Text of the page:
The Minister for Justice, Heather Humphreys, TD, has secured Cabinet approval to amend the provisions in the Land and Conveyancing Law Reform Act 2009.
This seeks to remove an upcoming deadline regarding easements, such as rights of way, held by a property owner over a neighbour’s land, and profits à prendre. Profits à prendre are other rights over another person’s land, such as fishing or shooting rights, that have been acquired by ‘prescription’, which is by long use as of right, where there is no written deed formally granting the right, or the written deed has been lost.
The Law Society of Ireland has welcomed Government plans to amend the provisions in the Land and Conveyancing Law Reform Act 2009. The change comes following extensive Law Society engagement with the government on the issue in recent months.
This amendment means that easements, such as a right of way, and rights to maintain water and sewerage pipes on neighbouring land, will no longer have to be registered with the Property Registration Authority by 30 November 2021. The issue was expected to cause a backlog of court cases by those trying to protect their rights to access.
Prior to the introduction of the 2009 Act, prescriptive rights of way were usually verified by simple statutory declarations of long use. The 2009 Act introduced a new requirement for a prescriptive right to be verified by a court order and registered with the Property Registration Authority (PRA).
An amendment to the law, made in 2011, provided that, if the prescriptive right was not contested by the owner of the land affected by it, the claimant could apply directly to the PRA to validate and register their right based on long use.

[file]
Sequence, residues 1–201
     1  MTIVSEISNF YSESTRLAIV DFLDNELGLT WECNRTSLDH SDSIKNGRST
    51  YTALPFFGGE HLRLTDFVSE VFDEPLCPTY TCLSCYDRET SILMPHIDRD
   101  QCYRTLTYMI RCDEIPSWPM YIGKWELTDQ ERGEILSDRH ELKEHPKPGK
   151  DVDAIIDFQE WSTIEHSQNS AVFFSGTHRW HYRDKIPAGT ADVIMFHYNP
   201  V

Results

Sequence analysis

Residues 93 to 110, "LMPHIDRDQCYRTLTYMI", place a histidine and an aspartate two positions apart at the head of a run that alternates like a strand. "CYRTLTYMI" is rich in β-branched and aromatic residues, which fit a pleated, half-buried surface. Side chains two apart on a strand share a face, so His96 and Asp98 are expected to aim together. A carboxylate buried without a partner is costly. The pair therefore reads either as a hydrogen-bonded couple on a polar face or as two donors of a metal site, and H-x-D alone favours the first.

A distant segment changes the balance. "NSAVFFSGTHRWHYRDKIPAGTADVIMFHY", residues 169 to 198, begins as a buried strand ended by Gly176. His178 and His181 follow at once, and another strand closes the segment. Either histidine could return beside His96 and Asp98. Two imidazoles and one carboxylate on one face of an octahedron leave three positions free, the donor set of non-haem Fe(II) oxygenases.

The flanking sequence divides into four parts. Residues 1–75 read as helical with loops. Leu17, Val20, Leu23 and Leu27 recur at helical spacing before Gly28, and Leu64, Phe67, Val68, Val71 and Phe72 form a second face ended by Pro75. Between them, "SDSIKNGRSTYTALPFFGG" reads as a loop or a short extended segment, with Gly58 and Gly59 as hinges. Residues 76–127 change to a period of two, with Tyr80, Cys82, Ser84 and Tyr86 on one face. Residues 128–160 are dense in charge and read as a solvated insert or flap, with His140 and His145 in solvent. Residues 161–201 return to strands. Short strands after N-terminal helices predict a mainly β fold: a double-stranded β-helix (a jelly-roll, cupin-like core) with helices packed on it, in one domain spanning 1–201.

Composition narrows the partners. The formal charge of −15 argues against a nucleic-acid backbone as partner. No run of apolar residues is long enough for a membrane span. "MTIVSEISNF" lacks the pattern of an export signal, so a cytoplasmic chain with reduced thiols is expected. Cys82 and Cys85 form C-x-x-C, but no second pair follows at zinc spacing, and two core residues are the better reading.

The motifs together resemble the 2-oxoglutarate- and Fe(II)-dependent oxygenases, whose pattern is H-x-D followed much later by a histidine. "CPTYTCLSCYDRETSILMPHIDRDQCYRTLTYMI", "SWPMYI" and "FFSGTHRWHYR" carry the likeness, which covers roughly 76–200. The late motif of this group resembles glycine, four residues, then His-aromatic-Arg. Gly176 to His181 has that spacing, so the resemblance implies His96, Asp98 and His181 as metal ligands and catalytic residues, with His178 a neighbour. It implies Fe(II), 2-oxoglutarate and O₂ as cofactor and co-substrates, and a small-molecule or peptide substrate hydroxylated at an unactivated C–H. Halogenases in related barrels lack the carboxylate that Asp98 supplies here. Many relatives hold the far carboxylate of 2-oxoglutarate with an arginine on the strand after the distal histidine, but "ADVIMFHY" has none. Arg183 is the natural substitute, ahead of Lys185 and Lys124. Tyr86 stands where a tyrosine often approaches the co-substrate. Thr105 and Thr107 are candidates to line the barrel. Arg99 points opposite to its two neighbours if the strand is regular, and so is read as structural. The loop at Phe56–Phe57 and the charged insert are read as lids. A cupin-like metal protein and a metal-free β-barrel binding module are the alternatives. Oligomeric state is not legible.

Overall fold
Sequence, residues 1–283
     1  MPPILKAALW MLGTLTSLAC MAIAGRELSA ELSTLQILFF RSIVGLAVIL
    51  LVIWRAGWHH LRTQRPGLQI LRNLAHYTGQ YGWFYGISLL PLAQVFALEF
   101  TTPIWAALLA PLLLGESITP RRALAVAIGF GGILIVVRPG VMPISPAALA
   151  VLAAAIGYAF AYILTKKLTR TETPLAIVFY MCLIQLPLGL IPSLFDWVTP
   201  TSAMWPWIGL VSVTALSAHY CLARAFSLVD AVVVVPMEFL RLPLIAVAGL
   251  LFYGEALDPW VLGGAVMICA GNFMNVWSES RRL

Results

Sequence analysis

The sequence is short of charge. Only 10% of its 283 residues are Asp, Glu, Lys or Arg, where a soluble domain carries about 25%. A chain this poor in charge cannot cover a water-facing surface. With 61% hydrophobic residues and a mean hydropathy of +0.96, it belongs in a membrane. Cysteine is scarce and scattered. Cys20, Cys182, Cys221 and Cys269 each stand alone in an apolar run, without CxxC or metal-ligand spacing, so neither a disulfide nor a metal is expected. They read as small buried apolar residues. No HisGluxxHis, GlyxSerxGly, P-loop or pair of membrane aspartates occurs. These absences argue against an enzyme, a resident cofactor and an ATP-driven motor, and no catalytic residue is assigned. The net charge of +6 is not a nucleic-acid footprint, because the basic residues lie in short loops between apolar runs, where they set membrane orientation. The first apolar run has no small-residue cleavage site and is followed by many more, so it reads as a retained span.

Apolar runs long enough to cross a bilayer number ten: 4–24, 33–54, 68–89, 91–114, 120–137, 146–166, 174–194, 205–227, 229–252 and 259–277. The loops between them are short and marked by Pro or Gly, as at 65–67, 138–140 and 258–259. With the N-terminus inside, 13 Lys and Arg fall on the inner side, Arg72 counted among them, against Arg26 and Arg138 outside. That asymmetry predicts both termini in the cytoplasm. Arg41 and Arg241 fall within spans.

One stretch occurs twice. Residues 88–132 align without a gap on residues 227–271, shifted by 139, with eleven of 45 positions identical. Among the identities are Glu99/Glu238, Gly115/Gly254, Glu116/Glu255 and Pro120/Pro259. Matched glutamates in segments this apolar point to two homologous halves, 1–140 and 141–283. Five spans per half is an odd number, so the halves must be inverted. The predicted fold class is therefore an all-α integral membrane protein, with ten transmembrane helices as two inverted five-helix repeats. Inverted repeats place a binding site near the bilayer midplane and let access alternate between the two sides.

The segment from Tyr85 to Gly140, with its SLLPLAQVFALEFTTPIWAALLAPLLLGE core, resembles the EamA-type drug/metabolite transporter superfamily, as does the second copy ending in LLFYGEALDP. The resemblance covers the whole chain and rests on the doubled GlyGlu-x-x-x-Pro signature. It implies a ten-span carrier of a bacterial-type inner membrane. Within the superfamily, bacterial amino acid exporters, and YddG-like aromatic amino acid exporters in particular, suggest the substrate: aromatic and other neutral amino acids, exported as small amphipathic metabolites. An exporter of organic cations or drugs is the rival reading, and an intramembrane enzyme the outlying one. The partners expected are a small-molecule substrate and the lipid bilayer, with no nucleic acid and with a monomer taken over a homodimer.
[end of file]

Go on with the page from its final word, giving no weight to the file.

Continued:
The deadline for applications under the old rules made to court, or directly to the PRA, was also extended to 30 November 2021. After that deadline, prescriptive rights could still be validated and registered, but only under new rules taking effect on 1 December.
Minister Humphreys stated, “I know that the position that was due to apply after 30 November has been a cause of great concern for many. I have listened carefully to the concerns raised with me by stakeholders, including the Law Society and the Bar Council. I am satisfied that, if not addressed, this deadline was likely to lead to a large volume of unnecessary court cases to protect rights which have been enjoyed for generations, and to cause stress between neighbours, unnecessary legal costs, and added court backlogs.
The Minister also outlined her commitment to more comprehensive reform in this area, saying,
“The amending Bill will address the most pressing need by removing the end of November deadline. However, it is clear that more wholesale reform is needed. I intend to establish a time bound review that will identify the best long-term, sustainable provisions for the law in this area.”
The law applicable to prescriptive easements and profits will largely be reverted to the judge-made law that applied before the 2009 Act. It will still be possible to confirm a prescriptive right, either by applying to court or by registering it directly with the Property Registration Authority. But this will be optional, (as it was before the 2009 Act), rather than a mandatory requirement to avoid losing any rights acquired through long use.
“The 2009 Act has already been causing difficulties for people when buying and selling property, and for people taking out mortgages. The looming deadline of 30 November 2021 would have made the situation considerably worse,” said Mr Paddy Sweetman, Convener of the Law Society’s Easements Task Force.
“We thank the Minister and the Government for their review of this Act and are grateful that the Minister has recognised the need for a ‘wholesale reform’ in this area. We look forward to receiving further clarity on the issue and the amendments being brought forward,” he said.
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